BACKGROUND OF THE INVENTION

1. Field of the Invention

The present invention relates to the measurement and testing of structures for adequacy of lightning protection. In particular, the present invention provides an apparatus and method for accurately determining theoretical energy levels that a lightning strike causes within a tested structure and the need for appropriate remedial measures to protect personnel and critical assets.

2. Description of Related Art

In general, there is no systematic, reliable and accurate quantitative method available to determine the degree of lightning protection afforded by a structure, an external lightning protection system (LPS) for that structure, or for the combination of the structure and the lightning protection system.

Mardiguian, Grounding and Bonding, pps. 10.27 to 10.29, and Plumey, et al., “High Frequency Harmonic Input Impedance Of An Antenna Embedded In A Conducting Half-Space”, Electromagnetic Compatibility, 1983 Proceedings, pp. 45-50, both discuss grounding lightning transients and refer to measuring ground impedance at frequencies above dc. The measurement is made using a grounding rod under test, an auxiliary grounding rod providing a current return, a reference grounding rod, a surge generator for injecting a current impulse through a matched resistor between the grounding rod under test and the first auxiliary grounding rod, and an oscilloscope or spectrum analyzer for measuring the voltage transients across a voltage divider network connecting the ground rod to be tested and the second auxiliary grounding rod. The impedance is determined from the ratio v/I of the probe to earth voltage to the injected current transient.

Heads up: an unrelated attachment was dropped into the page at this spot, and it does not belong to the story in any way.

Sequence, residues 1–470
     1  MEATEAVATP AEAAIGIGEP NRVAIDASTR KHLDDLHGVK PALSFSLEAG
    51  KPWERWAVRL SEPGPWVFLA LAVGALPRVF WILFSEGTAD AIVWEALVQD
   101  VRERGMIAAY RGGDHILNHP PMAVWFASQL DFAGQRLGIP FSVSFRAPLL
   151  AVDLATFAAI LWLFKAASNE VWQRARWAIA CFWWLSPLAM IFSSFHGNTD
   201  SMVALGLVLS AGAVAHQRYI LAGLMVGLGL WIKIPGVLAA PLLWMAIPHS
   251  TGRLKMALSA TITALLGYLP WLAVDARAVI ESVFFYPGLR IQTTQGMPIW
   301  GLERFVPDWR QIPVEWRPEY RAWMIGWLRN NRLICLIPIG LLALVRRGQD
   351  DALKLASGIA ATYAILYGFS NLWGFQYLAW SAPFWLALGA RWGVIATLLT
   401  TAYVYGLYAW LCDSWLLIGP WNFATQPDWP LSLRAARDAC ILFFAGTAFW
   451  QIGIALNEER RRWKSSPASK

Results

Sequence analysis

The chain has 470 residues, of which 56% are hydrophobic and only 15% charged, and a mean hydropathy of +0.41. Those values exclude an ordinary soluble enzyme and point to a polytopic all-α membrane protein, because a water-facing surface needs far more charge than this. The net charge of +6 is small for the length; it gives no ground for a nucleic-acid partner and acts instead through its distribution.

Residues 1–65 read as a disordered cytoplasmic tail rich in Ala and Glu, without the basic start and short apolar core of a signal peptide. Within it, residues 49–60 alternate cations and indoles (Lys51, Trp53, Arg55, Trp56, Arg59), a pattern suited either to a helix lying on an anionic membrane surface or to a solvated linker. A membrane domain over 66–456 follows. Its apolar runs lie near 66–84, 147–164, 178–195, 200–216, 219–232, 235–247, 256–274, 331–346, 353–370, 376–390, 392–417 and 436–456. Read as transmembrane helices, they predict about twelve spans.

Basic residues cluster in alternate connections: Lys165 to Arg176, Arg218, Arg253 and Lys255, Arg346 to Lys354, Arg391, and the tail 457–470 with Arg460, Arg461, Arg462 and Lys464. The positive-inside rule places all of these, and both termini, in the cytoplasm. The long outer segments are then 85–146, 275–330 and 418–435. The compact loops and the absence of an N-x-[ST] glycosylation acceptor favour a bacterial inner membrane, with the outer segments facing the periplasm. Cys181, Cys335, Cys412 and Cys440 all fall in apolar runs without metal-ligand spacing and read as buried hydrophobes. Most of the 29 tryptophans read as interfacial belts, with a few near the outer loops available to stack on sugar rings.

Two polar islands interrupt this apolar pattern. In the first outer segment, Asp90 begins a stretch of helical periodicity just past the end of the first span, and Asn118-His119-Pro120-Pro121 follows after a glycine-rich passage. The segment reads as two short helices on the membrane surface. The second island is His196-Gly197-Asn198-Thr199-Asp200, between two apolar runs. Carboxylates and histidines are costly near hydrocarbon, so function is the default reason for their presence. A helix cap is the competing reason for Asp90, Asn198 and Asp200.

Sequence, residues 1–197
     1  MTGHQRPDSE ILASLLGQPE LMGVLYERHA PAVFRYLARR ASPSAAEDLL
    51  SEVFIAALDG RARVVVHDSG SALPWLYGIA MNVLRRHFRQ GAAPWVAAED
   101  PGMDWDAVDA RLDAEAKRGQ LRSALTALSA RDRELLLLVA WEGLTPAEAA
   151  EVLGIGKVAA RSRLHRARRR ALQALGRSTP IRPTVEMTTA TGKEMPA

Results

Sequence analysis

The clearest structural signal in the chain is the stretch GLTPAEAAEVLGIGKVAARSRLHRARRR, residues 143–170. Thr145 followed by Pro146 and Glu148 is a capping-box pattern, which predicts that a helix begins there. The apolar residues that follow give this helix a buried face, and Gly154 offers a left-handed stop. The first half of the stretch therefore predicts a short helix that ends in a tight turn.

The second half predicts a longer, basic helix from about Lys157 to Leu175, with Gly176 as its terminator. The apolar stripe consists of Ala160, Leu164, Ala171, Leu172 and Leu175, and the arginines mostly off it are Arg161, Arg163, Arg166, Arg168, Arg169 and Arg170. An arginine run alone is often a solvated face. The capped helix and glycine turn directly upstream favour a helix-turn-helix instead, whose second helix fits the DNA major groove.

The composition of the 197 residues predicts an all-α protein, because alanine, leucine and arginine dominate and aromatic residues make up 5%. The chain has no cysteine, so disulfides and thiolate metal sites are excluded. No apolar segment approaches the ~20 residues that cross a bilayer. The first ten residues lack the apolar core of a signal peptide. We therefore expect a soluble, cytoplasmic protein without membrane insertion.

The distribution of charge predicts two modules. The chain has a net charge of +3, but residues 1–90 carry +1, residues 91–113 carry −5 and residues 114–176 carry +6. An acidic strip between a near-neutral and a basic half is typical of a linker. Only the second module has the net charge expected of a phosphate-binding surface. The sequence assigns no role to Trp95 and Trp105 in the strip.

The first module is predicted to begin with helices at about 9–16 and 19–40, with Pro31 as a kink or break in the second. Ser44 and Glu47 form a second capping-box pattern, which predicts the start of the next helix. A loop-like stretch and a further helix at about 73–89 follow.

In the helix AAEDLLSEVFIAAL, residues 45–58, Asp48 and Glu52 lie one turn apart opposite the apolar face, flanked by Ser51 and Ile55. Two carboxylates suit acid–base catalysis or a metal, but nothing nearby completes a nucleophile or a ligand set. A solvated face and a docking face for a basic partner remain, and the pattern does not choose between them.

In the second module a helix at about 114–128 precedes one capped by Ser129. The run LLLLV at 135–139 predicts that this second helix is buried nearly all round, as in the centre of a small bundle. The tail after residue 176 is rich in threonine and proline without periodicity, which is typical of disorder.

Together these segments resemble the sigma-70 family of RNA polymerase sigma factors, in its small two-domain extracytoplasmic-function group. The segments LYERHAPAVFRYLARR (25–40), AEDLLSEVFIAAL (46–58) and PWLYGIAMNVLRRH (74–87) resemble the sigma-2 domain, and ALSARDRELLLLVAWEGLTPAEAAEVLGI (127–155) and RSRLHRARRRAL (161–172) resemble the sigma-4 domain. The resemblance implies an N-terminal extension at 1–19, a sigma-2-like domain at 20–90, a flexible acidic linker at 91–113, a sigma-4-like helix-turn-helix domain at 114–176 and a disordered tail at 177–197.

As a modeling methodology, this method suffers from the problem that how lightning strikes affect structures was not well understood until recently. Recent testing has demonstrated that a substantial amount of the energy of a lightning strike hitting a structure is dissipated in the metallic support elements of the structure, rather than the external lightning protection system.

Because the flow of lightning energy through a structure can damage or destroy critical assets such as sensitive electronic equipment or explosive materials within the structure, additional analysis has proven necessary.

Indeed, the most commonly used prior art lightning protection system measurement and testing method requires the measurement of the continuity and ground resistance from an air terminal to surrounding earth using the fall-of-potential method with an alternating current ohmmeter. The resistance value must be less than 10 to 25 Ohms, depending upon the governing regulation. A rigorous visual and mechanical inspection of all of the air terminals, conductors, fasteners and ground rods is necessary to assure the mechanical robustness of the external lightning protection system. No quantitative protection level can be calculated from such a method. Other versions of this ohmic technique require disassembling various individual components and conductors and measuring the continuity of key elements in the external lightning protection system, as well as the resistance to ground.